Multi-component flue gas injection is proposed as an alternative to bulk CO2 injection for permanent CO2 sequestration. In traditional geologic carbon sequestration (GCS) or enhanced oil recovery (EOR) projects, amine towers are used to separate CO2 from other flue gas components. Bulk CO2 injection has the benefit of limited (and known) interactions with saline aquifers, and conserves pore volume. However, the cost of amine separation has proven prohibitive and led to a stagnation in GCS project development. Unfortunately, amine scrubbers are costly which has caused the technology to be underdeveloped. Our work suggests that careful implementation of flue gas injection can help accelerate carbon sequestration deployment. This study focuses on the disparity in solubility among flue gas components. As CO2 dissolves into reservoir brines at higher rates than N2 or O2, concentration gradients develop radially.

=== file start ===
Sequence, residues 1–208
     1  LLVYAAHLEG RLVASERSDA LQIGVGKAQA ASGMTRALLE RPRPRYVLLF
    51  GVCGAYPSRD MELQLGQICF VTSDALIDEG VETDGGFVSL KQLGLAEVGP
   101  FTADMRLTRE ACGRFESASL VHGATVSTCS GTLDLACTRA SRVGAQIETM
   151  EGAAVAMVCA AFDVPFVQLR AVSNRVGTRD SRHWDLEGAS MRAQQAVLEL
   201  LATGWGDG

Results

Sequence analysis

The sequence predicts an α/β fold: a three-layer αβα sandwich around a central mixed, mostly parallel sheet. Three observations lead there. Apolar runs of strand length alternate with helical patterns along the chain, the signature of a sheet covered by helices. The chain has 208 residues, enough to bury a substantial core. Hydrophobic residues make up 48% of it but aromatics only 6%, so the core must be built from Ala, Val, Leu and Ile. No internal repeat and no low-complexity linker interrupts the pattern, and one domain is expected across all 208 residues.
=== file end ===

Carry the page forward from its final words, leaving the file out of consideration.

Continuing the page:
Living in the 21st century is one of the best eras that humans have experienced while they roamed the Earth. Thanks to a huge series of technological advisements that made our live much easier that ever. We live in an era where carbon is involved in most if not all of the industries that feed our thrust for convivence. Unfortunately, the ease of such life comes at a cost. For decades human activity have been releasing record amounts of carbon dioxide. The release of carbon dioxide into the atmosphere have been proven time and time again to be one of the contributing factors to the looming climate crisis. Moreover, reducing our carbon dioxide emissions is one of the key goals and challenges of the new century. Geologic carbon sequestration (GCS) is not a new technology rather is has been implemented on pilot projects many times has demonstrated the capabilities of reducing the amount of carbon in the air, but most importantly, in the atmosphere to combated climate change and global warming. To put it simply, GCS basically using the subsurface as a carbon sink where we can store it for a long time. There are many ways in which this technology manifests itself. The first means to use the subsurface as a trap for our carbon is using Stratigraphic or structural trapping. Where we can use the natural traps the are in the subsurface to trap free phase carbon dioxide as it would be buoyant. Residual CO2 trapping, Mineral trapping, and Dissolution trapping are all means in which the subsurface can help us to trap carbon for a extended periods of time.